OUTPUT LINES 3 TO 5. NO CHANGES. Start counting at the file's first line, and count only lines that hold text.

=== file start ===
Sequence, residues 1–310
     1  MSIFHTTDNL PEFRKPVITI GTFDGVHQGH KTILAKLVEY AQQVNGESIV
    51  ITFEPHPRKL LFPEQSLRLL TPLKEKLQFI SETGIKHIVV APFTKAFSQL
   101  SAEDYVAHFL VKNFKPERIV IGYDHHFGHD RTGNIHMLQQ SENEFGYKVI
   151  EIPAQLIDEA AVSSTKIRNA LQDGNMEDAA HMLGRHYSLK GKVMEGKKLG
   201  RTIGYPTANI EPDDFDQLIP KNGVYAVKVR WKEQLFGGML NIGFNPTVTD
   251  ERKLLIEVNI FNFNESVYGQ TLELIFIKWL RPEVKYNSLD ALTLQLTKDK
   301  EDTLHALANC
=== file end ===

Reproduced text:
    51  ITFEPHPRKL LFPEQSLRLL TPLKEKLQFI SETGIKHIVV APFTKAFSQL
   101  SAEDYVAHFL VKNFKPERIV IGYDHHFGHD RTGNIHMLQQ SENEFGYKVI
   151  EIPAQLIDEA AVSSTKIRNA LQDGNMEDAA HMLGRHYSLK GKVMEGKKLG